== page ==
I’ve been asked several times what telescope I would recommend for a beginner. Personally, I don’t have a very complex scope and am certainly not proficient in the use of the higher end optics. When I purchased my first telescope, I was so anxious to stargaze that I impulsively and naively bought a used Galileo telescope from someone on craigslist selling it for $50. The telescope was a 120mm Newtonian reflector weighing in at around 38 lbs including the tripod:

Properly, it was the Galileo FS120DX 1000 x 120mm Newtonian Reflector Telescope.

I had planned a trip to my favorite stargazing spot in Coudersport, PA: Cherry Springs State Park, a registered astronomy reserve protected from light pollution by the International Dark Sky Association.

For more information (and credit for the photo), read “Pennsylvania’s Dark Secret”

Unfortunately, regarding this particular telescope, things didn’t quite work out as I had planned. The telescope’s tripod shifted underneath my bike and became bent - unusable - en route to my destination of Galeton, PA. However, I was prepared with backup equipment. Alas, my wonderful Meade 9x63 Astronomy Binoculars:

Read the reviews via Meade’s Amazon store

Not like a necessarily needed them while at Cherry Springs due to the immensity of the visible night sky, but they have served me quite well as I use them periodically, keeping them well within reach. Since then, I’ve purchased accompanying solar filters for them via Orion, which have proved an amazing extension of their capabilities, to which I can now use them during the day/night, either to view the thousands of stars beyond urban light pollution or during the day to track sunspots on a much closer star…

…but for those of you who asked for my personal recommendation, what I ended up doing was simply searching for a much more portable and durable telescope which would benefit both me and my son. I couldn’t have purchased a better telescope to serve these purposes than when I came across Edmund Scientifics.

I learned of Edmund Scientifics upon a trip to the North Museum of Natural History & Science located adjacent to Franklin & Marshall College. After speaking to the planetarium coordinator, she recommended the online site after I stated my needs and what I was looking for. Stay curious! Ask questions! If it weren’t for my own active inquiry into this, I may have ended up with different equipment, which may have possibly negatively affected my entire stargazing experience!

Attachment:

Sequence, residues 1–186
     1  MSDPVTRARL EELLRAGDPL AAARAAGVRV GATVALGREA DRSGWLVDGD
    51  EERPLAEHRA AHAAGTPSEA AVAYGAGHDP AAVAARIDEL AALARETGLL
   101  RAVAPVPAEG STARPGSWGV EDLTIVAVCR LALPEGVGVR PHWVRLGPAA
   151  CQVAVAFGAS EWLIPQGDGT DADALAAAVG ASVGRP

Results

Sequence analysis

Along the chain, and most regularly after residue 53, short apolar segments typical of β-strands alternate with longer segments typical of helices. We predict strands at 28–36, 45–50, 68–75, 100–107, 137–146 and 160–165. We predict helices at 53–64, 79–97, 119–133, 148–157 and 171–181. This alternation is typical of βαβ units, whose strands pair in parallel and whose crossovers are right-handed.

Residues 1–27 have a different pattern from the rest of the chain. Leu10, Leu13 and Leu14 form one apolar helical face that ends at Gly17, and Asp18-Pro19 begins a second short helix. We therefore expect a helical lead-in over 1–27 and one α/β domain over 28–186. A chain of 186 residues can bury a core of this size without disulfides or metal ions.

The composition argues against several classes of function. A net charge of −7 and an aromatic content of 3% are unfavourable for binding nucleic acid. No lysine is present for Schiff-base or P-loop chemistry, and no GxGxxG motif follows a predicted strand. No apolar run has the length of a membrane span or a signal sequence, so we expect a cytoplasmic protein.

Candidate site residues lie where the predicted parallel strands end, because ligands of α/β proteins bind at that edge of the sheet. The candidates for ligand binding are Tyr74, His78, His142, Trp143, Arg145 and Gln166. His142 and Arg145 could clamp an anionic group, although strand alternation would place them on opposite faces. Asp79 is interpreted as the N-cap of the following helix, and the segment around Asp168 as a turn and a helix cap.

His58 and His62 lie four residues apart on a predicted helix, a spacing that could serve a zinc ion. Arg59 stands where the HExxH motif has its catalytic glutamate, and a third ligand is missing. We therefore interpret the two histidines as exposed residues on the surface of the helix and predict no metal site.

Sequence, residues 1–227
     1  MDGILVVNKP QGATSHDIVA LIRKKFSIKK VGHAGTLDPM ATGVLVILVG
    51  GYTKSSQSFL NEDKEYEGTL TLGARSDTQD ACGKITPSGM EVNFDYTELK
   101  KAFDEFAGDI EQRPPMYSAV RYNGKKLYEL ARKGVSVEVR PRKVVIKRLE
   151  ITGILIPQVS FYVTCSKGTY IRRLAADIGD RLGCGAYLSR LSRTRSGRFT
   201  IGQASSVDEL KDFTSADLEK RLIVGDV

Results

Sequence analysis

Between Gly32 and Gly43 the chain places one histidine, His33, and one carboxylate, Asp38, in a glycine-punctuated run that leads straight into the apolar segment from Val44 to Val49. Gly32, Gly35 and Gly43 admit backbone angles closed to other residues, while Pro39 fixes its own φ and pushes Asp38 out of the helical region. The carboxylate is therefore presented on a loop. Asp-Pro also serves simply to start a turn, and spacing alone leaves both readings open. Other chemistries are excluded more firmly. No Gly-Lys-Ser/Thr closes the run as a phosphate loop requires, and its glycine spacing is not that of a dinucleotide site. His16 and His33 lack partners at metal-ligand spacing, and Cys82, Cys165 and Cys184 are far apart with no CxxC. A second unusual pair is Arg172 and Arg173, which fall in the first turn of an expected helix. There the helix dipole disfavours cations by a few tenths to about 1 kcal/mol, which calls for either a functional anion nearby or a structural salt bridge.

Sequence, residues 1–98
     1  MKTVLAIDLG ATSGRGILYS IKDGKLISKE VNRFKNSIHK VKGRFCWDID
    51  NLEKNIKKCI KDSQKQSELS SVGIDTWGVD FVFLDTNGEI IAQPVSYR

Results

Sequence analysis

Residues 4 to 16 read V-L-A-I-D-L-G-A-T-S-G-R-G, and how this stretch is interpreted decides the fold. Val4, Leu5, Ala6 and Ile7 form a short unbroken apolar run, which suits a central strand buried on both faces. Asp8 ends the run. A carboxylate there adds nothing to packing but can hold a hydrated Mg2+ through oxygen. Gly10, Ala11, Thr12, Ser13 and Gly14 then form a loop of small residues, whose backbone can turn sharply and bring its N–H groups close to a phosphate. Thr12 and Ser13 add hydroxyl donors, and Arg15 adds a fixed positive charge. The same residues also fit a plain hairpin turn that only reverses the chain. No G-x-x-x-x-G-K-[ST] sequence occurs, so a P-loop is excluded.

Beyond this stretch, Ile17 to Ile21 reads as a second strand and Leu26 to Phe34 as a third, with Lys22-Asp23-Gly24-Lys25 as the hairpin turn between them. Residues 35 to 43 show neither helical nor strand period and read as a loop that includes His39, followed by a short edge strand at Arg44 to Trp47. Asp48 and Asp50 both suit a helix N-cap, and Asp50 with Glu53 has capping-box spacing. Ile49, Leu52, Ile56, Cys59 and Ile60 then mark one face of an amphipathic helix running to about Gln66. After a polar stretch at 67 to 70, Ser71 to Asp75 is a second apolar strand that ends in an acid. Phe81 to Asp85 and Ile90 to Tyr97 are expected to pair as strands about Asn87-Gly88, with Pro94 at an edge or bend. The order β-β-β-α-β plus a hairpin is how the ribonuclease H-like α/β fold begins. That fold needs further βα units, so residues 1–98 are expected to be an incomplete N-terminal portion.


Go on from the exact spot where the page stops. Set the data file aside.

After receiving my first Edmund Scientifics Catolog, I came across their Astroscan, which sold me immediately:


Along with the above, the package I purchased came with a weatherproof duffel and an added accessory necessity, I purchased the tripod. Altogether I paid a little over $400 for it and it’s been an extension of my vision and my mind ever since.

You can read more about the Astroscan HERE via Wikipedia. I’ve also posted Astroscan photos of the moon (1, 2.

And lastly, allow me to introduce you to you and your telescope’s newest ‘best’ friend, the Clear Sky Chart:

As you can see, this is an astronomer’s noble companion toward planning a successful nightly stargazing session. Clear Sky Charts are more sophisticated weather forecasts, in that they forecast the cloud cover, transparency and astronomical seeing parameters which are not forecast by civil or aviation forecasts. The drawback? This type of meticulous plotting can only forecast outward of 48 hours for a 9 mile radius. Charts for 4,500+ locations are available, which include USA, Canada, parts of Mexico and the Caribbean, along with professional/public observatories, colleges and science centers.

You can view a location’s forecast through the Clear Sky Chart homepage and/or via Android and iPhone apps.

Hope this was useful! Make sure to visit the Deep Astronomy YouTube channel, where astronomer and host Tony Darnell provides a pretty thorough overview on purchasing your first telescope which you will find quite helpful and incredibly informative. As always, stay curious.